March 18, 2010 in City

City fees jump for trash, other code violations

Fines imposed in 7 percent of 3,000 cases in 2009
By The Spokesman-Review
Colin Mulvany photo

This property on West Broadway Avenue was issued a $513 ticket last month because of accumulating trash. The city had attempted to clean up the yard in January, but officials could not reach all the trash and it continued to accumulate.
(Full-size photo)

Map of this story's location

County rules

Terry Liberty, Spokane County neighborhood service specialist, said the county, which handles code enforcement outside cities, rarely cleans up a property when owners refuse. Instead, if three warning letters are ignored, cases go to the prosecutor’s office for misdemeanor charges.

Spokane residents who ignore warnings from city code enforcement officers about abandoned vehicles, fire hazards, dilapidated structures or junk on their property will face significantly stiffer fees under new rules approved this week.

The increased charges are expected to generate about $100,000 for the city this year, about double what the city otherwise would have collected.

Under old rules, property owners of trashed land that the city cleaned up after warnings were ignored for 15 days paid a fee based on a portion of the city’s cost to remove the trash – an amount that averaged $59 last year.

The Spokane City Council this week increased the minimum cleanup or “abatement” fee to $284.

City code enforcement officers handled more than 3,000 cases last year. About 1,100 of them were for garbage problems on property.

Jonathan Mallahan, Spokane’s director of code enforcement and neighborhood services, said the changes were made to better reflect the city’s cost to remove trash and enforce the law.

Supporters of the amendments argued that if violators don’t pay more than the cost to remove waste, they don’t have an incentive to act.

“If we don’t send a strong message that it won’t be tolerated, it will be tolerated,” said Councilman Jon Snyder.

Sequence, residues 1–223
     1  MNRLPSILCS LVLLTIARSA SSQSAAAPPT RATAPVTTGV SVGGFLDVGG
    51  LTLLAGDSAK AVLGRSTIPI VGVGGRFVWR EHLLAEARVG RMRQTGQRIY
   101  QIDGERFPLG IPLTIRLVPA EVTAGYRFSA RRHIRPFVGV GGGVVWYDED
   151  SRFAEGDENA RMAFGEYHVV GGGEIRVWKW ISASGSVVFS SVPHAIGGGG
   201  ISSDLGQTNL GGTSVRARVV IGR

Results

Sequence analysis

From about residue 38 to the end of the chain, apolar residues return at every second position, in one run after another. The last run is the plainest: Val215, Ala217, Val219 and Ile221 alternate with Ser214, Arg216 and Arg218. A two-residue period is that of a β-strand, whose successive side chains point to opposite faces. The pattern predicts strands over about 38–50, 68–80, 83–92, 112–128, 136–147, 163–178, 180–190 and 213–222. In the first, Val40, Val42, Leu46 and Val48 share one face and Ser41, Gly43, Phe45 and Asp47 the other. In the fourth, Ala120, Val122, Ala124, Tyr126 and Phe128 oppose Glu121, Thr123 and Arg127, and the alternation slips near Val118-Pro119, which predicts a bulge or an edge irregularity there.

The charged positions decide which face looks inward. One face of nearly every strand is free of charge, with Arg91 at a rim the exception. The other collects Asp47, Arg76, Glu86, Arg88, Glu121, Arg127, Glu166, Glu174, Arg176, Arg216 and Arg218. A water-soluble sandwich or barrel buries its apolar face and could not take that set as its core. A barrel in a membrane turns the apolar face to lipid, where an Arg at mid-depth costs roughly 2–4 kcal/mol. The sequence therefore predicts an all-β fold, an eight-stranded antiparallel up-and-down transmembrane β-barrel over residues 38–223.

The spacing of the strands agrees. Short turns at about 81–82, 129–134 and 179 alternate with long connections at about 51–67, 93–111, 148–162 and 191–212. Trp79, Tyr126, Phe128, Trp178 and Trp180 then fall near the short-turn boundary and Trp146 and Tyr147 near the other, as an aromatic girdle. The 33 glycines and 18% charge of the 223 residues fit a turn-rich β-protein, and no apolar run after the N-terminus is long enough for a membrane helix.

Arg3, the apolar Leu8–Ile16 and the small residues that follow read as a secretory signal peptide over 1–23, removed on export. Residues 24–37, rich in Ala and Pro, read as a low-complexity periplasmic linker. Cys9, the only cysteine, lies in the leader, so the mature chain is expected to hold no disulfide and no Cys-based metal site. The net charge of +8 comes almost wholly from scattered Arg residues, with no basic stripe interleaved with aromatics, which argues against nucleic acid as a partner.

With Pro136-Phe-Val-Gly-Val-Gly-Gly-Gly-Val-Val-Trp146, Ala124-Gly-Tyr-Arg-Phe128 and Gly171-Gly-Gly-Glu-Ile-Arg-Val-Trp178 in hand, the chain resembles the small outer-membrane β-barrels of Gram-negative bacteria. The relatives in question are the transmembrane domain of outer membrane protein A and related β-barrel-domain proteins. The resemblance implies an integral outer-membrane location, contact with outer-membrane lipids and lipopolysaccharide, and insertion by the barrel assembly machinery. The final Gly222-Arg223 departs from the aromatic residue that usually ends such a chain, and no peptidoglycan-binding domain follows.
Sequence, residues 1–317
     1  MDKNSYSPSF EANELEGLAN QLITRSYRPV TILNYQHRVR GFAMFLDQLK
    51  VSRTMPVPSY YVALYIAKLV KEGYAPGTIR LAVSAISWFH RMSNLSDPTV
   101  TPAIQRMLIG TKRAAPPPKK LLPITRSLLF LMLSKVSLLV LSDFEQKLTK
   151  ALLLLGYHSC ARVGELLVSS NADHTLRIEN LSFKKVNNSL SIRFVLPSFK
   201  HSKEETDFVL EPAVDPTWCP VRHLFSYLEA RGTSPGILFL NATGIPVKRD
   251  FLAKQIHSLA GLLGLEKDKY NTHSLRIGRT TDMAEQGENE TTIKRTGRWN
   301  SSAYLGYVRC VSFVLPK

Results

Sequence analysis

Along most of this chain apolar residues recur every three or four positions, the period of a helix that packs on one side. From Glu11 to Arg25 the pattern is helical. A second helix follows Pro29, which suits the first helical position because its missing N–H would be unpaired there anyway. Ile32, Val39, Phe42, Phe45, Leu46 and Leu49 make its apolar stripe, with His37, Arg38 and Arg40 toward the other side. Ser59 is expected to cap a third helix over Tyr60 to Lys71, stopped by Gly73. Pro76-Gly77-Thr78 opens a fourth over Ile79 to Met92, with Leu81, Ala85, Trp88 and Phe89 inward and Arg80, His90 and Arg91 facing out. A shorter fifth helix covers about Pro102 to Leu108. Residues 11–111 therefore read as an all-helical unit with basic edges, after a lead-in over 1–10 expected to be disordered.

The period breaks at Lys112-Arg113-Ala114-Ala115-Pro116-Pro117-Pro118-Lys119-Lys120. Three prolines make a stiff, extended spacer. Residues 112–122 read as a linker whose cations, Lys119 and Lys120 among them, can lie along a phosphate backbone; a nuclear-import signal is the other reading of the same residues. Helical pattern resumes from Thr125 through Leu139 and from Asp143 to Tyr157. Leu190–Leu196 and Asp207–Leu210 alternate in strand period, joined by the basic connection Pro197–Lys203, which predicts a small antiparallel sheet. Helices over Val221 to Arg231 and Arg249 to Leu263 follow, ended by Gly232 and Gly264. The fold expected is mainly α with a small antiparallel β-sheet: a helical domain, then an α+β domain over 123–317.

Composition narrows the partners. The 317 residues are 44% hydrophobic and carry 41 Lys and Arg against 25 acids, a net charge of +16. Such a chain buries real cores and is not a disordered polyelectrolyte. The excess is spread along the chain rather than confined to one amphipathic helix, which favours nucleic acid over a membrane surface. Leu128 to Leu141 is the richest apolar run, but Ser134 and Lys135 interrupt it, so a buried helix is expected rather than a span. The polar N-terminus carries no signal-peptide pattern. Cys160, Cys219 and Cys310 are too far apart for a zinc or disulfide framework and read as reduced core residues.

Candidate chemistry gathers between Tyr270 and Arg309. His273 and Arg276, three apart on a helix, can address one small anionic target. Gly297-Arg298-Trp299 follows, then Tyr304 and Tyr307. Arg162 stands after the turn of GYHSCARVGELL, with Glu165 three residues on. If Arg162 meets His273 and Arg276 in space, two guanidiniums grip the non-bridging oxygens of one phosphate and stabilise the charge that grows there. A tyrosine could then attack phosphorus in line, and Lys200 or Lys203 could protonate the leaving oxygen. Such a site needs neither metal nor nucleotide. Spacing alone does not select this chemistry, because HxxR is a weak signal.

Mallahan stressed that in 93 percent of code enforcement cases last year, no fines were levied because responsible parties began or completed work on the problem within 15 days of receiving a warning. The waiting period was not changed in new rules.

Last year, the city cleaned up 108 properties after owners or tenants ignored warnings. If problems persist after abatement, the city issues tickets and, in rare cases, pursues misdemeanor charges.

Another change will force owners of cars the city labels as “junk vehicles” to pay $200 if they want to appeal the city’s decision. The new code also allows the city to issue a $513 ticket for owners who do not abide by junk car rulings, something it couldn’t do before.

Currently, appeals of junk car violations with the city’s hearing examiner are automatic and free.

“We would be holding a lot of hearings that nobody showed up to,” Mallahan said.

It is illegal to store cars outside enclosed structures when most of the following conditions exist: they are inoperable, more than 3 years old, substantially damaged or have a value equal to or less than its scrap value.

“We’re talking about rusted-out hulks that have little to no value outside the metal,” Mallahan said.

Spokane City Councilman Bob Apple, the only council member who voted against the changes to the rules, said he worries that folks rebuilding cars could be unfairly penalized by the rule.

“I am very concerned about abuse of authority,” Apple said.

Rules also were changed for fire hazards caused by overgrown vegetation and substandard and unfit structures. Before the law was amended, if warnings were ignored, the city would charge landowners the city’s expenses for removing dried weeds deemed to be fire hazards. The City Council vote added $85 to the cost.

The city increased its annual fee on owners of substandard structures from $600 to $1,500. But if the building is rehabilitated, $500 can be refunded.

Heather Trautman, Spokane’s code enforcement supervisor, said the city works with property owners to help them clean up property. The new rules, she said, won’t change that.

“That’s our goal, always – to get voluntary compliance,” she said.

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